It is common to hear elderly in Portugal saying that dining and then going to sleep has a bad impact on one's health (apparently it is not only in Portugal).

From this article we see that some foods may affect sleep

Such studies highlight a potential effect of macronutrient intakes on sleep variables, particularly alterations in slow wave sleep and rapid eye movement sleep with changes in carbohydrate and fat intakes.

However it is not clear to me how harmful the alterations in slow wave wave sleep and rapid eye movement are for one's health.

I do not want to get into much detail about problems that may result from eating before sleep, giving freedom to reflect upon them. They seem to be various, such as reflux, quality of sleep, or even weight gain, which, from this source is considered conventional wisdom:

Conventional wisdom says that eating before bed causes weight gain because your metabolism slows down when you fall asleep. This causes any undigested calories to be stored as fat.

Is sleeping right after a meal bad for one's health?

Related but raising a different concern: Does eating just before sleeping cause nightmares?

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    I'm pretty sure I've heard this claim here in South Africa too.Never seen it online but I think it is widely believed. – Jerome Viveiros Feb 19 at 14:11
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    @Oddthinking it is something I hear frequently. Apparently another user have heard as well (and lives in another country). If that is not enough, a simple Google search for "eating before bed" yields almost 1M results. Is this enough? If yes, should I add this information in the question? – Gonçalo Peres 龚燿禄 Feb 19 at 15:25
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    @Goncola - Medically, it is much harder to prove causation rather than correlation. For causation, you need a study where you make healthy people eat and then sleep for a few years, and you see if they become unhealthy. That is an ethically difficult study. Google "postprandial sleep" as a phrase. – Richold Feb 19 at 15:27
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    If lots of people believe it, it is reasonable to think you can find examples of people making the claim on the Internet. Include references to a few making the claim - quote the key claim they make. If they are in Portugese, it would be helpful to provide a short translation. Hopefully, we can tell from context what bad outcome they think will befall you - heart attack? diabetes? acid reflux? weight gain? Just a general "Oh, it is bad" will be very difficult to prove either way. When I search as you suggest, I get a page of debunkings, so that doesn't support your argument! – Oddthinking Feb 19 at 15:39
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    I have heard this claim numerous times over the past 30 years, from family, friends and probably other sources. Just doing a Google search turns up hundreds of articles. – glenneroo Feb 22 at 18:41

Study shows eating at night increases risk for obesity and diabetes;


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    At the moment this is a rather limited answer. Please quote a little of the source to show that it supports your claim (and to protect against link rot). Also, follow up this newspaper article and find the original article it is based on - see if that actually matches what the apparent experts say. – Oddthinking Apr 26 at 0:15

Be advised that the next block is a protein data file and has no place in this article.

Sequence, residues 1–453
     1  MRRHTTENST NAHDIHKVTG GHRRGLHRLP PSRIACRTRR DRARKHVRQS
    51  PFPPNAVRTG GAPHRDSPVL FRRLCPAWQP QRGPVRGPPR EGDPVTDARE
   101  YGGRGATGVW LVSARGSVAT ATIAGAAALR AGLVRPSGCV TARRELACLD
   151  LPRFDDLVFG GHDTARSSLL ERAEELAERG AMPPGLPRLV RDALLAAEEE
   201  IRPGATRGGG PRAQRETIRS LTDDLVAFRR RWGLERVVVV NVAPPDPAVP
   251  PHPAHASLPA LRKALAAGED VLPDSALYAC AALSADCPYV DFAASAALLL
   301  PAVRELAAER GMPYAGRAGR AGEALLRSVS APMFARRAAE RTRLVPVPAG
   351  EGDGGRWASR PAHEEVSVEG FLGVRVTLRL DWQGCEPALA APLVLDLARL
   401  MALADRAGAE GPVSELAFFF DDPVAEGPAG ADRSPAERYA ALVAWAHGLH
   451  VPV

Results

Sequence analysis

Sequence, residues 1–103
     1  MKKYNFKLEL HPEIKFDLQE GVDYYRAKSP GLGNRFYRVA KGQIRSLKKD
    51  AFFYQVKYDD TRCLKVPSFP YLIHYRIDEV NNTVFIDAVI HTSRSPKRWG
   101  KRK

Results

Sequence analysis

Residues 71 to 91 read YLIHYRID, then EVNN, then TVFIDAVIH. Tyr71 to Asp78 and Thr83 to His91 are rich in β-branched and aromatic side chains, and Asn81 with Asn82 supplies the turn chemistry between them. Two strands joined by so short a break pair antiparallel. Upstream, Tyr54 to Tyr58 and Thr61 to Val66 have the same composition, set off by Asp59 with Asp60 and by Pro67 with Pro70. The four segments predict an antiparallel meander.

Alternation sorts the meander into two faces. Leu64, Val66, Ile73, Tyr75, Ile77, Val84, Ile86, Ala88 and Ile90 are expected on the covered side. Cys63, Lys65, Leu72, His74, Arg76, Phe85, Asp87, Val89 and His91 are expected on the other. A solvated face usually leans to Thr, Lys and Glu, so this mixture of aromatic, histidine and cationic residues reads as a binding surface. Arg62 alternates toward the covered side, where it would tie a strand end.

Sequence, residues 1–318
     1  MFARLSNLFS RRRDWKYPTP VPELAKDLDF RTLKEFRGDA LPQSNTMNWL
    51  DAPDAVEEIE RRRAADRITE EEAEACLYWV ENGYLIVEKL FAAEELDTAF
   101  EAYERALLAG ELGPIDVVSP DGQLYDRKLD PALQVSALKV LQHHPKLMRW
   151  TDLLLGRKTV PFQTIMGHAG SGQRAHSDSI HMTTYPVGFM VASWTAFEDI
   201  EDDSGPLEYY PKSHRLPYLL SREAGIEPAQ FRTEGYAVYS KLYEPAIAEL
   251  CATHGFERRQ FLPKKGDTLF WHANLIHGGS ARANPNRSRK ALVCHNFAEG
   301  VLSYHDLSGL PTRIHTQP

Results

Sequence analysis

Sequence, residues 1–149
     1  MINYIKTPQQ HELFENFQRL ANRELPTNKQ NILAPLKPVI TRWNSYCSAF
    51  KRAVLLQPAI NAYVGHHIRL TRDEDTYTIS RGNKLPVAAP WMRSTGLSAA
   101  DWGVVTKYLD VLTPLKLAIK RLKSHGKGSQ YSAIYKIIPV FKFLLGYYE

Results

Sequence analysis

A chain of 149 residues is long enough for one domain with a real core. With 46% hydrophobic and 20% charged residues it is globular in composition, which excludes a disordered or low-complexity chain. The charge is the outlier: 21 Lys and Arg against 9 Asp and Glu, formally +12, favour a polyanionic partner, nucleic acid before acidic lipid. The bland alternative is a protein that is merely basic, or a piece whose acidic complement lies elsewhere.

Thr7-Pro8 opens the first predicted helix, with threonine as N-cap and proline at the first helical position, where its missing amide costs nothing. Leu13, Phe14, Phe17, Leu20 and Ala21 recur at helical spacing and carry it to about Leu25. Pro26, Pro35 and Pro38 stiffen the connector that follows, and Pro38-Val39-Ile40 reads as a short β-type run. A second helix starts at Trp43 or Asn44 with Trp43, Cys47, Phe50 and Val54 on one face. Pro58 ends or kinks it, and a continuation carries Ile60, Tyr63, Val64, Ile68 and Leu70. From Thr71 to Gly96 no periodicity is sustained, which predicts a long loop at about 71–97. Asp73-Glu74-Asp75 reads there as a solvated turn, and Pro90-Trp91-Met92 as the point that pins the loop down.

• That article talks more about making breakfast the biggest meal of the day than eating before sleep. – Joe W May 25 at 16:28

Sleeping after eating a meal, or more specifically, laying horizontally, may lead to acid re-flux. So yes, very bad. There are also considerations to be taken into account for diabetes, insulin, and meal times and sleep time.


Time it right. Wait at least 3 hours after eating before lying down. Improve your posture. Try standing up straight to elongate your esophagus and give your stomach more room.


Sleep with the head of your bed raised 6 to 8 inches so that gravity can help your stomach acid stay in your stomach. Don't eat for 3 to 4 hours before you lie down to sleep at night.



Lifestyle Modifications

... Reduce weight if too heavy. Do not eat 2-3 hours before sleep.

Note: WebMd does list sources

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    Neither Healthline nor WebMD are reputable sources.... – user141592 Feb 19 at 19:12
  • @Johanna I could source CNN or WaPo. – paulj Feb 19 at 20:21
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    Those are still not good sources for health related claims. On this site, people typically cite actual medical research papers to support health related claims. – user141592 Feb 20 at 6:37
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    I would be skeptical of any claim that requires gravity for the operation of a healthy digestive tract. The digestive system is not a straight tube that doesn't work when horizontal. – ScienceGeyser Feb 26 at 9:22
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    @paulj Can you provide a specific title? I have actually read a number of texts concerning digestive anatomy and physiology as well as designing apparatus for digestive studies in laboratory & clinical settings, most of which are done supine. If someone has trouble lying down after a meal, it's most likely a problem with the food they consume or a digestive tract disorder, not the fact that they are lying down. – ScienceGeyser Mar 1 at 20:42

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